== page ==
Rail feud: 'Where's the beef?'
By Robbie Dingeman
Advertiser Staff Writer
By Robbie Dingeman
Mayor Mufi Hannemann yesterday called questions about the awarding of a city consultant contract a delaying tactic by an opponent of rail transit.
"Where's the beef?" Hannemann asked. "Where are his specific charges?"
He said easing traffic is too important an issue to get bogged down.
The debate heated up this week with City Councilman Charles Djou requesting a federal investigation into the city administration's award of a $9.7 million contract to Parsons Brinckerhoff Quade & Douglas Inc. for a mass transit study.
Djou responded that he opposed the tax increase to pay for the mass transit project, but isn't opposed to rail transit itself.
Hannemann dismissed Djou's argument as designed to help a friend and political supporter, Communications Pacific chief executive officer Kitty Lagareta.
Lagareta's firm was working with the Parsons firm before the council voted to go forward with the increase in the general excise tax to pay for the transit system. But after the council approved the project and the administration awarded the contract, Communications Pacific's role was significantly reduced.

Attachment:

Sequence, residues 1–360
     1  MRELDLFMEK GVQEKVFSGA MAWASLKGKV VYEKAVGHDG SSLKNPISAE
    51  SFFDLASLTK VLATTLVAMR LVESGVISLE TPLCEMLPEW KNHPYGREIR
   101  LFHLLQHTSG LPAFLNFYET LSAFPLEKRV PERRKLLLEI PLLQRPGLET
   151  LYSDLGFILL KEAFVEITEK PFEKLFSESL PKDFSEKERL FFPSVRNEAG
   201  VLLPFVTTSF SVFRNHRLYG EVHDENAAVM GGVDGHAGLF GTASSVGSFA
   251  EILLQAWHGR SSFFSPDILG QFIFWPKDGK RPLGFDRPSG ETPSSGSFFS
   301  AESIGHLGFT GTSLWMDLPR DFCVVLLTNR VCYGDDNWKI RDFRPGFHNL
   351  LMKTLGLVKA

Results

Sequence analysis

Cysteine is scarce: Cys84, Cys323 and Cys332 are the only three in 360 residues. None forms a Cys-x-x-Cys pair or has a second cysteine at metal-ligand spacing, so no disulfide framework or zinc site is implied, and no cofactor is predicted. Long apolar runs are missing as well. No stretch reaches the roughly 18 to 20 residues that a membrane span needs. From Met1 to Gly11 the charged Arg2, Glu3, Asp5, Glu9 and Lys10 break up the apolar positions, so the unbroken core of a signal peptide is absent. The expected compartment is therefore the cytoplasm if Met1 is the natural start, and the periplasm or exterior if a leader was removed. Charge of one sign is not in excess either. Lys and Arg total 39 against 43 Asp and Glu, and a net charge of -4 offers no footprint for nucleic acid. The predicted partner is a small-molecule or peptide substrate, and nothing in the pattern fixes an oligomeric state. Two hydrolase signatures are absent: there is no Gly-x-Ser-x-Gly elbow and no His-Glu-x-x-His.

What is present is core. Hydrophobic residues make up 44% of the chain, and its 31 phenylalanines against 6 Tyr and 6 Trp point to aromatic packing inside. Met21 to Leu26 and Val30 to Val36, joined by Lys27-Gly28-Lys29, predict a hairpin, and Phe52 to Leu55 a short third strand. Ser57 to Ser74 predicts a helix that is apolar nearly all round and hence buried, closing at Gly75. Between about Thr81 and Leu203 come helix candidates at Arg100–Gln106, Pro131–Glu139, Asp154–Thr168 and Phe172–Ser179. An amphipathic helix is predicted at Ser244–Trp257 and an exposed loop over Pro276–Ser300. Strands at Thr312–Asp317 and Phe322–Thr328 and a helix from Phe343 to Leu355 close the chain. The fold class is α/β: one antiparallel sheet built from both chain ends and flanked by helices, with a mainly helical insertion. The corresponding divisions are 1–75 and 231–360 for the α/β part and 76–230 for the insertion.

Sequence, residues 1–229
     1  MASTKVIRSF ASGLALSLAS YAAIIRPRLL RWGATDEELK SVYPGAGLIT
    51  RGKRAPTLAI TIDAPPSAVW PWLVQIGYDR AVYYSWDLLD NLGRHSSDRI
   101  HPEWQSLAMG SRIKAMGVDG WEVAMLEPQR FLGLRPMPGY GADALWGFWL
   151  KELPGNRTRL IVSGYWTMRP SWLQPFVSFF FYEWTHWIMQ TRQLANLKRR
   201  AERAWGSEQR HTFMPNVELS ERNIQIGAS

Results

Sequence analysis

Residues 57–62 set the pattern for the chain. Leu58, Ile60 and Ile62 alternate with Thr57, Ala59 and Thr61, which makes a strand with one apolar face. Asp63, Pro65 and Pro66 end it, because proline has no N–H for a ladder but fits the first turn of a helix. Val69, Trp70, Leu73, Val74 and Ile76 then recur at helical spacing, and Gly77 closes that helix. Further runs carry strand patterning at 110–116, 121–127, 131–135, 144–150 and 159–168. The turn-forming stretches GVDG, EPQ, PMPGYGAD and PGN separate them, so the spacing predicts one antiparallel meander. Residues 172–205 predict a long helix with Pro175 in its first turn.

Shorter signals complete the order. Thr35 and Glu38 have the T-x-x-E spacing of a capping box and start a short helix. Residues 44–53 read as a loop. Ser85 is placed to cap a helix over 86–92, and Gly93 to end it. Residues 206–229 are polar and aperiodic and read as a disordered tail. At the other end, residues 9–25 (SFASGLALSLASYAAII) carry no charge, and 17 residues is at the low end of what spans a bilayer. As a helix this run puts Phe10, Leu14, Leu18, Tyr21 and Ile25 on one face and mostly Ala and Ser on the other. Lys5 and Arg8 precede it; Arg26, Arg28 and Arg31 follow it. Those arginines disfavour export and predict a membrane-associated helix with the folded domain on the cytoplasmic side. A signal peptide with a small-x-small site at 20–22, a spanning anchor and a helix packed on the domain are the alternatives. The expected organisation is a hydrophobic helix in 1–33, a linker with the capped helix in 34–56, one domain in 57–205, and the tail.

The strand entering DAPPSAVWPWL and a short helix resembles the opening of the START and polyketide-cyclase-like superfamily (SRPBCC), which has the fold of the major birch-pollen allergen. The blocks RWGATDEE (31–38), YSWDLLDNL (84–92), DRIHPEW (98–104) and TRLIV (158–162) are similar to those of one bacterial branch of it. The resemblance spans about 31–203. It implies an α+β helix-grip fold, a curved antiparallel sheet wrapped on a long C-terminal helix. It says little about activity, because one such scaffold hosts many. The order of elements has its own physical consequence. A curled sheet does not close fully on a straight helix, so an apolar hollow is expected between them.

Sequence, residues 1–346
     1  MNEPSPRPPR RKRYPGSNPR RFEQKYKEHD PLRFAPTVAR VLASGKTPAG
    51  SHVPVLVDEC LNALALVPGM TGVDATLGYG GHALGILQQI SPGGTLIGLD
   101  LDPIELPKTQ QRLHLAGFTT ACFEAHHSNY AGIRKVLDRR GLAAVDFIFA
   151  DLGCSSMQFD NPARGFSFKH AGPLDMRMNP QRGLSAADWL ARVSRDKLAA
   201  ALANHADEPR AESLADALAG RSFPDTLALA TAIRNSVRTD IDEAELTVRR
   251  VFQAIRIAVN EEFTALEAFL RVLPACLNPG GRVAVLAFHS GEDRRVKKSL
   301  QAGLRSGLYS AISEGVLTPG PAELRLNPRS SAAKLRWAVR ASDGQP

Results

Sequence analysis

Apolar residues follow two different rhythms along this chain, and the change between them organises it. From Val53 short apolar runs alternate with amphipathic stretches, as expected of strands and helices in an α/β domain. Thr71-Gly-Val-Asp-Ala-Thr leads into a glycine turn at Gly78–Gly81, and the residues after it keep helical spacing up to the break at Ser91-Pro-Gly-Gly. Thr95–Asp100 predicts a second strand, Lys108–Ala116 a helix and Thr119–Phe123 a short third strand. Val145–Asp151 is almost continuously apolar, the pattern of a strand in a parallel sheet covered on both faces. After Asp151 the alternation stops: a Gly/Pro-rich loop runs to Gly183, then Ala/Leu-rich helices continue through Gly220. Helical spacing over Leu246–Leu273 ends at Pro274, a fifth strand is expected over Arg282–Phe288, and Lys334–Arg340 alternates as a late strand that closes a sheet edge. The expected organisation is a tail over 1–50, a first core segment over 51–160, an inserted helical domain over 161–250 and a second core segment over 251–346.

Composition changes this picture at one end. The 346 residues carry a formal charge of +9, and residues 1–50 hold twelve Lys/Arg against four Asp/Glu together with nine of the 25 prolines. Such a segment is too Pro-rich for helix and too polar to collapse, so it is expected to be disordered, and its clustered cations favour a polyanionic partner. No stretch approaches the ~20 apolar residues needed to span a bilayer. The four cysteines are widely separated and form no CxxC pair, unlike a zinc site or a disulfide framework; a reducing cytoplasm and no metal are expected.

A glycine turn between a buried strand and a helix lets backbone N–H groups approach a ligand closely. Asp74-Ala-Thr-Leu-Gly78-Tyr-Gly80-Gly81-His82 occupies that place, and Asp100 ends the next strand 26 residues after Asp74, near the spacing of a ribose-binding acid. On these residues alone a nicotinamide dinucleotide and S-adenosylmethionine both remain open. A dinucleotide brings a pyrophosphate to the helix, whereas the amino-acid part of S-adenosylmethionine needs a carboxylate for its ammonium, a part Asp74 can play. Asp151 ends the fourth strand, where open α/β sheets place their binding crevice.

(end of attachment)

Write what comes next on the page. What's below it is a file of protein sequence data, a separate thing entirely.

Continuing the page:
Lagareta said the contract isn't that lucrative or important to her in itself, but that she is standing on the principle that switching subcontractors makes a sham out of the procurement process.
"I am standing firm that something wasn't right here, and I want it fixed," Lagareta said.
Instead, an engineering firm led by Joe Pickard was given a large role. Pickard, president of Community Planning and Engineering Inc., was chairman of Hannemann's transition team, which helped select the top executives for the city administration.
Hannemann said Pickard's company was chosen because of his expertise. He said Pickard is a friend who has contributed to his campaign, but has also contributed to the campaigns of Djou and Gov. Linda Lingle.
Lagareta is a close friend and adviser to Lingle. But Lagareta said that relationship makes her avoid most political contracts and any appearance of favoritism.
On Thursday, U.S. Rep. Neil Abercrombie accused Djou of political grandstanding.
Yesterday, city officials provided a copy of a July 29 e-mail from then-Parsons project manager Richard Page to the subcontractors, including Lagareta's company, that said: "Please remember that until the contract is signed, the selection of our team of consultants is not 'official.' "
Lagareta said she does not remember that e-mail.
Hannemann said Djou was acting as Lagareta's "lackey" in raising questions without any proof.
Lagareta said that label and Abercrombie's calling Djou a kid are "absolutely disgusting" and a disservice to Djou. "I don't think he's anybody's fool," she said.
Reach Robbie Dingeman at email@example.com.